Supernatural: Season 4, Episode 7

It's the Great Pumpkin, Sam Winchester (30 Oct. 2008)

TV Episode  -   -  Drama | Fantasy | Horror
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Ratings: 8.8/10 from 1,510 users  
Reviews: 5 user | 2 critic

Investigating two mysterious deaths in a small town, Sam and Dean discover a witch is sacrificing people to summon a dangerous demon.



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Title: It's the Great Pumpkin, Sam Winchester (30 Oct 2008)

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Episode complete credited cast:
Don Harding
Mrs. Wallace
Jenny (as Luisa d'Olivera)
Luke Wallace
Alex Robertson


As Halloween approaches, Sam and Dean investigate mysterious deaths linked to an ancient witchcraft order bent on raising a powerful demon on Halloween, named Samahain, who can raise every evil being, and they are forced to call upon the angel Castiel for help. Written by Anonymous

Plot Summary | Plot Synopsis


TV-14 | See all certifications »




Release Date:

30 October 2008 (USA)  »

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Sound Mix:


Aspect Ratio:

16:9 HD
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Did You Know?


At the Halloween party, Dean introduces himself as FBI agent Seger, a possible nod to Bob Seger. Seger is an accomplished songwriter and rock legend inducted into the Rock and Roll Hall of Fame in 2004. See more »


Samhain actually refers to a Celtic festival, and means 'Summer's end', not a mythological character called Samhain. There is a common misconception that Samhain referred to an ancient god of the dead. Also, "Samhain" is pronounced "SOW-in" (the first syllable rhyming with "cow") rather than "sam-hane," as it's pronounced in the episode. See more »


Castiel: You misunderstand me Dean. I'm not like you think. I was praying that you would choose to save the town.
Dean Winchester: You were?
Castiel: These people, they're all my father's creations. They're works of art. And yet, even though you stopped Samhain the seal was broken and we are one step closer to Hell on Earth for all creation. And that's not an expression Dean. It's literal. You of all people should appreciate what that means. Can I tell you something if you promise not to tell another soul?
Dean Winchester: Okay.
Castiel: I'm not a hammer...
See more »


References It's the Great Pumpkin, Charlie Brown (1966) See more »


Just As Through With You
Performed by Nine Days
Played during the high school Halloween party scene
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User Reviews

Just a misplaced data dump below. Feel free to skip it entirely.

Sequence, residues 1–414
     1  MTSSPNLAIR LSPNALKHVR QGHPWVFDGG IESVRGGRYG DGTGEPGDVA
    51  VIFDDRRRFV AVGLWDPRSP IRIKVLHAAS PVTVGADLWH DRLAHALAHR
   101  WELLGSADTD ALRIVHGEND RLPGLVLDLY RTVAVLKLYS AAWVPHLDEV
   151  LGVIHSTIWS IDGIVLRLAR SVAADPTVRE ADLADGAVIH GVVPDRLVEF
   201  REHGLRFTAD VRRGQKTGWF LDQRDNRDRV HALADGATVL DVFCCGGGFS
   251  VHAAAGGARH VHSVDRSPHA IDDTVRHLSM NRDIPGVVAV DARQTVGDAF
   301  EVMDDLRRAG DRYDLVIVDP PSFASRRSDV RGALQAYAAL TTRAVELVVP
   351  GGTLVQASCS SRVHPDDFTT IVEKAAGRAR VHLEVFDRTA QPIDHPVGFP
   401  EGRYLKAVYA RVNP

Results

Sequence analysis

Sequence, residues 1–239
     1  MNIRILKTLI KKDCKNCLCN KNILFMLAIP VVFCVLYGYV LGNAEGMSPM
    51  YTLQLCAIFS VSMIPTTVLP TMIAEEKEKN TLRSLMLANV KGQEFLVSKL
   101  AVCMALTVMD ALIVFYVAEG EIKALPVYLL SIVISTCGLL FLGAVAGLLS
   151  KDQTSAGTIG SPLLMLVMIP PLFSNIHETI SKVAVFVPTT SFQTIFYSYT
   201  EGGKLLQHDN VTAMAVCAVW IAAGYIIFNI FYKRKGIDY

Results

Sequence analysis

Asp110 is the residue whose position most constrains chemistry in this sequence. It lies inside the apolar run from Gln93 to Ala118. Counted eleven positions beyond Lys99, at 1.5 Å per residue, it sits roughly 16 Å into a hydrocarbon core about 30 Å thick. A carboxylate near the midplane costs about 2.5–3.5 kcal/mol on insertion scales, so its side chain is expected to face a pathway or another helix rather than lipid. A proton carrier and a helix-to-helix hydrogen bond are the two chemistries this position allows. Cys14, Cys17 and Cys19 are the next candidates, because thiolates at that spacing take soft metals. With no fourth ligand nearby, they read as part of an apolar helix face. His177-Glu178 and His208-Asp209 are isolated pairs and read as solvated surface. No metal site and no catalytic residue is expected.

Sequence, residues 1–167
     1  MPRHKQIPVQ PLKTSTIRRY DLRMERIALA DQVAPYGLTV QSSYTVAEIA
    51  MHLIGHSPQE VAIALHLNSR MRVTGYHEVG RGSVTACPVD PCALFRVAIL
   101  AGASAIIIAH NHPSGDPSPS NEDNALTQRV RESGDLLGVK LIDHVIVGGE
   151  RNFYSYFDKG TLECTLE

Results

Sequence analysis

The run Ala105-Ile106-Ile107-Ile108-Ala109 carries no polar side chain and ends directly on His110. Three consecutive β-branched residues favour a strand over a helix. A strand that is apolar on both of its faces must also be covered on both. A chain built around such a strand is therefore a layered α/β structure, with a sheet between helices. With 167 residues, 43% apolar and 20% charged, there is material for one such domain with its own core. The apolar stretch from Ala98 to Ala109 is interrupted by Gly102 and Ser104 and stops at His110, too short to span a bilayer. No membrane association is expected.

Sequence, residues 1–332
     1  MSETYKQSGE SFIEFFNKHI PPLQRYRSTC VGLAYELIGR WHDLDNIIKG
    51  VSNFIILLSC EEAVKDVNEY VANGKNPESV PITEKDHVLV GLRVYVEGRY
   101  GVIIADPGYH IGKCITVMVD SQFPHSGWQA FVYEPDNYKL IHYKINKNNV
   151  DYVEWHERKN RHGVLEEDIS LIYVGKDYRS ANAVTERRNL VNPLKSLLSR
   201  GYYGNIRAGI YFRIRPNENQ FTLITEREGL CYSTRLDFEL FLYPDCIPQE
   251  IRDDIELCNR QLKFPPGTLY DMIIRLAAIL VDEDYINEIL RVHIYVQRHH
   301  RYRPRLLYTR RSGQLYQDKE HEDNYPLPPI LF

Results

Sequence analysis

Deliverer of Evil
25 May 2011 | by (Finland) – See all my reviews

After *three* Monster-of-the-Week episodes, of which two were comedic ones, no less, it's finally the return to the Mytharc. An a *Great* 9/10 episode it is, the best since the season opener "Lazarus Rising", for several reasons.

One of the traditional Annual American Holiday TV Episodes (Easter, Halloween, Thanksgiving, Christmas, New Year - guess which one?), this one is not content to just lazily shoehorn the holiday into the plot - no, this explores the *true* roots of said holiday and also seamlessly links it to the Mytharc. Plotwise, there is no padding. There might also be a genuinely brilliant twist or two...

A great Supernatural episode does not necessarily need gruesome deaths, but here we get some pretty nasty and sickly inventive ones. But the best stuff comes from characterization. Pretty much every character is excellently written, and the actors seize the opportunity to shine. Misha Collins has by now, in his fourth episode, despite his rather limited total screen-time, earned his place as a semi-regular. However, this episode belongs to Robert Wisdom, whose performance is just *scary*. And he doesn't even raise his voice. All that is missing here are Jim Beaver and Genevieve Cortese, but there would have been nothing for their characters to do.

To this, add the trademark witty humor, *relevant* theological and philosophical discussion, tense sequences and some full-on action, and the end result is a not-to-be-missed episode, one of the key ones of the whole season. But even greater stuff is still to come...

P.S. Some might argue that the character Robert Wisdom is playing is incorrectly written, comparable to if one of the Horsemen of the Apocalypse were written just as a mere demon, but there is a logical explanation: the character in Supernatural is *not* the same character as in *our* world. Furthermore, as he is not as well known in our world than his "brothers", there is no need to say that the writing is factually incorrect. Especially since in our world, some of the character's brothers have been "officially excluded" from the company of the most famous ones. So, if the real world can just write off characters this major, why would Supernatural not alter them a bit?

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